The Question Labor will not ask Tony Abbott, so the public must.

Posted: February 10, 2015 in Political musings
Tags: , , , , , , , , , , , ,

As many commentators have noted, the Labor attack on Tony Abbott is carrying on with one hand tied behind its back. The restraint is easily explained. They don’t want Abbott going anywhere while his brand is so toxic. They know Tony Abbott is their best chance at springing an electoral suprise and winning the next election, and the last thing they want is to face the much more popular, amenable and centrist Malcolm Turnbull. Which is why, in Question Time yesterday, they bizarrely focused much of their attention on Turnbull, not Abbott. Attention which, it should be noted, Turnbull deflected with much more wit and aplomb than Abbott has been handling such matters recently.

Which is why the general public – who are heartily sick of Abbott – need to insist that the media and their politicians ask Abbot this question repeatedly until they get a decent answer, or until Abbott steps down or is pushed off his perch.

Almost three years ago, Tony Abbott, then-Opposition leader, rose in parliament to ask Julia Gillard a question that could and should come back to bite him in the coming days.

Ms Gillard had just faced down the first challenge from Kevin Rudd, who had days earlier resigned from his post as Foreign Minister and then announced he was running for the top job.

Gillard won the leadership ballot, 71-31. It was then Mr Abbott asked the fateful question.

“Given that one third of her parliamentary colleagues and a quarter of her cabinet colleagues have today expressed their lack of confidence in her, how can she claim to have a mandate to continue as Prime Minister?” he asked.

Well now Mr Abbott finds himself in a strikingly similar situation.

At #thespill the motion to unseat Abbott brought by West Australian Liberal MPs Luke Simpkins and Don Randall was defeated 61-39. So while the spill was averted, it still indicates almost 40 per cent of his colleagues had lost faith in the PM. A question repeatedly put to him last night by Leigh Sales on the 7.30 Report, and repeatedly ignored by the embattled PM.

Liberal backbenchers say they have sent a powerful message to Tony Abbott that they want to be consulted and policies need to change. And Mr Abbott said in a brief statement in a video message after the vote that the matter had been resolved.

“We want to end the disunity and the uncertainty which destroyed two Labor governments and give you the good government that you deserve,” Mr Abbott said.

The question to be asked is simple: How can you possibly struggle on when your own party is utterly split over your leadership? We cannot necessarily rely on Bill Shorten and his cohorts to hammer home that question in the coming days and weeks, yet it is the question that demands an answer.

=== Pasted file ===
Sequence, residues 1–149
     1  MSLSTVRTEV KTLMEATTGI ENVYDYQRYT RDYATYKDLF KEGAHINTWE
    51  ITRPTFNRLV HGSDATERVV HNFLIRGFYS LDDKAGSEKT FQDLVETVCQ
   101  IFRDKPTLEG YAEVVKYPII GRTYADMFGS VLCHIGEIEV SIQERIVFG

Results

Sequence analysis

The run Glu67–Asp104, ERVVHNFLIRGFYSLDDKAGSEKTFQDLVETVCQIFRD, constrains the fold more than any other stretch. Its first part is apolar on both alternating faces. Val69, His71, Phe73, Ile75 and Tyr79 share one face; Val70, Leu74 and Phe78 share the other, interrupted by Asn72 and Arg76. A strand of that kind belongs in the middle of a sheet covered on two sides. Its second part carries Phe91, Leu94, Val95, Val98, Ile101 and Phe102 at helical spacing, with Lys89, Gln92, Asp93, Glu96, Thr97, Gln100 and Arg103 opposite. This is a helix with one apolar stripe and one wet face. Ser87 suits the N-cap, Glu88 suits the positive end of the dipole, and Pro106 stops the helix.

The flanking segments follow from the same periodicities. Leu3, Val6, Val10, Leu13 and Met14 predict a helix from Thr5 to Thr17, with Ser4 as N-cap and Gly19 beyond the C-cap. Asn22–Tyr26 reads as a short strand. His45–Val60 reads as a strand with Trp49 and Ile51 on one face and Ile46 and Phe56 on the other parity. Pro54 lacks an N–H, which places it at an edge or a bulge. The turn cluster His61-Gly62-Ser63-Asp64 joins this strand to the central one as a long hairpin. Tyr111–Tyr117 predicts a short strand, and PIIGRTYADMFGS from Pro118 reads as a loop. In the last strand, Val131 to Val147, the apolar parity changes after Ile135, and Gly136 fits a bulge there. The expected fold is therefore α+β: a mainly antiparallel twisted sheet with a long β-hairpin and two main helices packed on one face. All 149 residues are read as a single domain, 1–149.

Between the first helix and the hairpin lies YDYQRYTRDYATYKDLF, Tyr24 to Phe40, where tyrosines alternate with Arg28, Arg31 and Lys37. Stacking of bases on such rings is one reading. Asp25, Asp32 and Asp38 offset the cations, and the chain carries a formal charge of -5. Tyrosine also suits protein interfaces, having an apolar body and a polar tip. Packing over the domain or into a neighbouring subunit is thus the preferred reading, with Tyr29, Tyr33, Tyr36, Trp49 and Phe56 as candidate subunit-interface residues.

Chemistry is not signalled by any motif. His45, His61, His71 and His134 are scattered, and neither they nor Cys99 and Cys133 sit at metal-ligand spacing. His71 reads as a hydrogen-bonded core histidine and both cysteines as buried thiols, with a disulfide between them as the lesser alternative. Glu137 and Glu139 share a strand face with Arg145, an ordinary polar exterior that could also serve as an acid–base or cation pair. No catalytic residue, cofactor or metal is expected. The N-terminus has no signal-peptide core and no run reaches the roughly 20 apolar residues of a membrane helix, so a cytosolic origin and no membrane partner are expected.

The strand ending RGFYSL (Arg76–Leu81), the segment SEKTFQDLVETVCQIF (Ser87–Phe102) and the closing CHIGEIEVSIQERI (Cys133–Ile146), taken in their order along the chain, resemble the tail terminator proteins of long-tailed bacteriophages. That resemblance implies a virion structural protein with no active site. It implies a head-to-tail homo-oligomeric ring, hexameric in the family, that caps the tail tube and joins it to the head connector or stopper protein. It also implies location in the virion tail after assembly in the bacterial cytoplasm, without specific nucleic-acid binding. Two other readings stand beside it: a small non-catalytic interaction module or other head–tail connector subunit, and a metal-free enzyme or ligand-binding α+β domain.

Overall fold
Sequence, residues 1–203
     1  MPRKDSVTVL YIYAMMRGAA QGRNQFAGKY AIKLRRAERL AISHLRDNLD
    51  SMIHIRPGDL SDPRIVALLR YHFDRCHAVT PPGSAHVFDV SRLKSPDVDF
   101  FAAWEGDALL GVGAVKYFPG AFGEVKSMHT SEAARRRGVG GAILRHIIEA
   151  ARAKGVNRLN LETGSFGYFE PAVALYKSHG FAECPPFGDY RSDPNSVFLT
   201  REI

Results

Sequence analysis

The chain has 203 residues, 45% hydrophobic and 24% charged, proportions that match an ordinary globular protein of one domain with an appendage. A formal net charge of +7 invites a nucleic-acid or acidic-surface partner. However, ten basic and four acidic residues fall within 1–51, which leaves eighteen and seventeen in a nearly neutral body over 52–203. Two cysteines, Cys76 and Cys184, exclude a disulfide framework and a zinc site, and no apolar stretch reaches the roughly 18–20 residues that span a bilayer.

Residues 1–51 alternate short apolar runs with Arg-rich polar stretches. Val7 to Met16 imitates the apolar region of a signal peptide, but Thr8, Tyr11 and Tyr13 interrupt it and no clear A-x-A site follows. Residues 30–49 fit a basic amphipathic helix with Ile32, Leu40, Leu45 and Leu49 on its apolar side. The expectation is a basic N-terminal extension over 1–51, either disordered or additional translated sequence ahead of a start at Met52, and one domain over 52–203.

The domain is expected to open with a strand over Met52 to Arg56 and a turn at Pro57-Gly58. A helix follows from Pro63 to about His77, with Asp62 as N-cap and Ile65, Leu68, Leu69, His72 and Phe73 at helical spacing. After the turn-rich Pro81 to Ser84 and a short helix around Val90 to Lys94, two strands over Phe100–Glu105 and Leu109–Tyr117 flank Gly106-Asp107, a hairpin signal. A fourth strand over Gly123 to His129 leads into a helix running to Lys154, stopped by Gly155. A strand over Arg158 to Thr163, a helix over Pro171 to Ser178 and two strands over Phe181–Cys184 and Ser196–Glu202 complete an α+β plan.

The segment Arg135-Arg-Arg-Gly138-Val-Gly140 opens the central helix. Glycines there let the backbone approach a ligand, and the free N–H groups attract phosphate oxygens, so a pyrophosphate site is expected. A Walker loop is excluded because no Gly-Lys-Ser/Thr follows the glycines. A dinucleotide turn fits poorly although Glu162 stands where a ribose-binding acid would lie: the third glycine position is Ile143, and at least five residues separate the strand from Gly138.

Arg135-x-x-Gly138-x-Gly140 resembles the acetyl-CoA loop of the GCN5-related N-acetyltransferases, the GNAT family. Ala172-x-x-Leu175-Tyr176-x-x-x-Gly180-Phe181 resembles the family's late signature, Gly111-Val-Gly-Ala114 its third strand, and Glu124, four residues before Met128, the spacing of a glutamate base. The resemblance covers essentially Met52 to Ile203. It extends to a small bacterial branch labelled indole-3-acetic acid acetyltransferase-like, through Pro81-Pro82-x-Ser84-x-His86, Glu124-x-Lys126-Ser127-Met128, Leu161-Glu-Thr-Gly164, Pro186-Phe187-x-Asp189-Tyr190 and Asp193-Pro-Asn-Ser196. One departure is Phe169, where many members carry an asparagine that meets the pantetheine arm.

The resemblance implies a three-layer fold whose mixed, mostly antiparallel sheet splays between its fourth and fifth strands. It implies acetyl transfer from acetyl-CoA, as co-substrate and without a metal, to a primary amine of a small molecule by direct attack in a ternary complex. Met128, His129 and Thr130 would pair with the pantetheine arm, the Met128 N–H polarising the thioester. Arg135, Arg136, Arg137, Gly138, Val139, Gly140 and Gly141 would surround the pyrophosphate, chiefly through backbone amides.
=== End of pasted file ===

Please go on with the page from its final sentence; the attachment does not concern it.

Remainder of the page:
Meanwhile, Abbott’s essential nature (and his nervousness) is revealed yet again in two more glaring examples yesterday. The first was the panicky “Captain’s Pick” to throw open the submarine tender – on the day that he ruled out any more Captain’s Picks for a while. The leopard has not changed its spots at all, apparently. The second was his appallingly laughable assertion that “Good Government Starts Here”, which led, entirely predictably to the blogosphere, twittersphere, and main media asking the obvious question. “What have we had for the last 500 days then?’ The glee at such rampant idiocy was hardly restrained.

We have a message for the Prime Minister. This isn’t over by a long chalk, yet.

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Comments
  1. Simon O says:

    the worst thing is he just cant keep his mouth shut…thats really all he had to do after the debacle and disaster of the Labor years…but it just gets worse for Abbott but better for the Liberal party. My view is that the party will wait till the inevitable action has to take place, possible after the NSW state elections and then, the second spill will be the end of him….Turnbull will take over and the opinion polls will change overnight….

    Like

    • I am not sure on the timing – anything could affect it – if the NSW result is bad it will finish him for sure. Even I might vote for Turnbull rather than Shorten – that’s how good he is. If he can just get his own party room onside he could end up being a great reforming – but compassionate – Prime Minister. If – and it is a big if – if the hard right in the Liberal Party will let him do the job. The reality that is rarely spoken about in Australian politics is actually that the Liberal Party is really two quite distinct factions, small-l liberal (like my political position) and a nasty Thatcherite right which is genuinely un-Australian in my view.

      To make it even more complicated, the National Party – which is always allied on the right – is actually an agrarian protectionist socialist party 🙂

      Liked by 1 person

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